Assuming, however, for the purposes of further analysis, that the location test is in fact satisfied, the Court will now address whether the connection test is also satisfied, thereby establishing general admiralty and maritime jurisdiction.
2. Connection Test
The first inquiry of the connection test is whether the incident involved was of a sort with the potential to disrupt maritime commerce. Case law instructs that when applying this prong of the test courts should describe the features of the incident in question at an intermediate level of possible generality, without considering the precise circumstances giving rise to the case before it. See Sisson, 497 U.S. at 363, 110 S. Ct. 2892; Jerome B. Grubart, Inc. v. Great Lakes Dredge & Dock Co., 513 U.S. 527, 538, 115 S. Ct. 1043, 130 L. Ed. 2d 1024 (1995); Weaver v. Hollywood Casino-Aurora, Inc., 255 F.3d 379, 385 (7th Cir.2001). Petitioner argues that this case is generally characterized as "negligence of a vessel's captain in control of the vessel's crew resulting in a land-based injury to a third-party caused by the unsupervised crew member." However, the Court does not find that characterization to follow the mandate of Sisson and its progeny. Rather, the Court finds that the "general features" of the incident at issue here are best described as a land-based automobile accident between a temporarily off-duty vessel crew member and a third-party. Characterized as such, it does not seem that this is the kind of incident that has a potentially disruptive impact on maritime commerce.
Assuming, for the purpose of further connection test analysis, that this incident is potentially disruptive on maritime commerce, the next inquiry is whether the general character of the activity giving rise to the incident shows a substantial relationship to traditional maritime activity. Sisson, 497 U.S. at 364, 110 S. Ct. 2892. Here, the Court asks whether a tortfeasor's activity, commercial or noncommercial, on navigable waters is so closely related to activity traditionally subject to admiralty law that the reasons for applying special admiralty rules would apply in the suit at hand. In asking the aforementioned question, the Supreme Court has determined that navigation of boats in navigable waters clearly falls within the substantial relationship, Foremost, 457 U.S. at 675, 102 S. Ct. 2654; storing them at a marina on navigable waters is close enough, Sisson, 497 U.S. at 367, 110 S. Ct. 2892; whereas in flying an airplane over the water, Executive Jet, 409 U.S. at 270-271, 93 S. Ct. 493, as in swimming, id. at 255-256, 93 S. Ct. 493, the relationship is too attenuated.
The activity giving rise to the incident in this suit can be characterized as an off-duty vessel crewman operating an automobile, on land, while intoxicated. Described in this way, the activity, without question, is not substantially related to traditional maritime activity. Additionally, other district courts have addressed similar facts and have arrived at the same conclusion. For example, in Nolty J. Theriot, Inc., 841 F. Supp. 209, a vessel owner brought an action to limit its liability for injuries suffered by crew members in a car accident (the car was owned by Theriot) on their *815 way to the vessel for crew change. The court found that they lacked jurisdiction in part because, "a car wreck on dry land with no particular relation to a vessel or maritime commerce, except that the vehicle has passengers going to join a ship, does not bear sufficient relation to traditional maritime activity." Id. at 211. In In re Complaint of Luhr Bros., Inc., 100 F. Supp. 2d 1156, 1161 (E.D.Mo.2000), the court found that both the locality and connection tests were lacking because of the remote time and place of the accident, the lack of facts to indicate that the injuries suffered on land were caused by a vessel on navigable water, and because the motor vehicle accident was not related to any particular activity aboard the vessel.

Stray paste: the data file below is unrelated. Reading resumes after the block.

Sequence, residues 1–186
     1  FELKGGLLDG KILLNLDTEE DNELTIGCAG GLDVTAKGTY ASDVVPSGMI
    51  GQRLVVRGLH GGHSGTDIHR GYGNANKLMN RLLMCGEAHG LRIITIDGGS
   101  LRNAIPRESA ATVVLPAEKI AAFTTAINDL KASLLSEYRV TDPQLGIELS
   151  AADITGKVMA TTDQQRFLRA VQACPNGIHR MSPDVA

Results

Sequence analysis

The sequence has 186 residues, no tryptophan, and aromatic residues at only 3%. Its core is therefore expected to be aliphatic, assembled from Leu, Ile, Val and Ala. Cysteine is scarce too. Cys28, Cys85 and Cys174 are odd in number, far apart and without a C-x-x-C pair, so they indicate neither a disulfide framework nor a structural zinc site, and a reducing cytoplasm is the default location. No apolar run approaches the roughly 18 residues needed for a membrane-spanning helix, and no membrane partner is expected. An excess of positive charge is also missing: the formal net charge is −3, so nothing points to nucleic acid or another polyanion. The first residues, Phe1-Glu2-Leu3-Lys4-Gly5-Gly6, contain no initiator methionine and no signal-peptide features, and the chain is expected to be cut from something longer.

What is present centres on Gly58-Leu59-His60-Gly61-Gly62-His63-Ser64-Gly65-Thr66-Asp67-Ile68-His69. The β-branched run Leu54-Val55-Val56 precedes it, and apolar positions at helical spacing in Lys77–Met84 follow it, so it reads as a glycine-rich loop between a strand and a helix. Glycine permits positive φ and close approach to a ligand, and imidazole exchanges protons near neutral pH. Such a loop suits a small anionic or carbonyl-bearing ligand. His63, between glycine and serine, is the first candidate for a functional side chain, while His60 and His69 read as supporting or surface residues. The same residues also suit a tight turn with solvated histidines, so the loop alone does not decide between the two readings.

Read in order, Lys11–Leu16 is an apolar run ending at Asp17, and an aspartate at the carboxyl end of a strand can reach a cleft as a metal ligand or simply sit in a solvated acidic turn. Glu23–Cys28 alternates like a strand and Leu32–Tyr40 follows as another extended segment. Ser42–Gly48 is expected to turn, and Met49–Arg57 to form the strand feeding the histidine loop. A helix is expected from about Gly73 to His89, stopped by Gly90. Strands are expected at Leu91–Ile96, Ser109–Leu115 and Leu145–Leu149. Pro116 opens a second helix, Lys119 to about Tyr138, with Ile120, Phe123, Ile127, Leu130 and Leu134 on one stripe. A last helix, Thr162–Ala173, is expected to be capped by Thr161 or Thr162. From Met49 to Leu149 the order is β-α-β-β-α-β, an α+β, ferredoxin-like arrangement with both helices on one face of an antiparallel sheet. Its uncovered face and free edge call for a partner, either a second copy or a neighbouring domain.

Nevertheless, Petitioner argues that the second prong of the connection test is met because maintaining its maritime industry business requires crewing, managing and controlling the vessel and its operations, and Petitioner's alleged negligent acts occurred in the scope of such activities. Furthermore, Petitioner claims because the alleged negligence commenced on navigable waters and is closely related to the vessel's operations, admiralty jurisdiction over this case is compulsory. The Court disagrees.
In this case, the automobile accident occurred on dry land and was not related to any particular activity aboard the vessel, despite the fact that Castle was to return to work at the vessel later that day. The Court cannot agree with Petitioner that the "decision" made on the vessel, to allow Castle to leave the vessel temporarily, bears a sufficient relation to any traditional maritime activity. If the Court were to agree with Petitioner that a sufficient relationship to traditional maritime activity existed, based on the facts of this case, then the intent behind admiralty jurisdiction and the Act would no longer be reflected in courts' interpretations and applications of it. Clearly, decisions made by the captain of the vessel can affect land-based activities, but this Court cannot find a land-based tort to fall within admiralty jurisdiction without the requisite connection of the tort itself to maritime commerce, as well as the requirement that the activity giving rise to the incident demonstrate a substantial relationship to traditional maritime activity. As such, with respect to the second prong of the connection test, the Court in this case finds that the automobile accident in which Castle was involved was too remote to bear a sufficient relationship to any traditional maritime activity. As a result, Petitioner has failed to establish the second prong of the connection test, and ultimately, admiralty jurisdiction.
For the reasons set forth herein, the Court GRANTS Respondent's Motion to Dismiss for Lack of Subject Matter Jurisdiction and DISMISSES Petitioner's Complaint from the docket of this Court. The Court DIRECTS the Clerk to send a copy of this Order to counsel of record and any unrepresented parties and to publish it on the Court's website.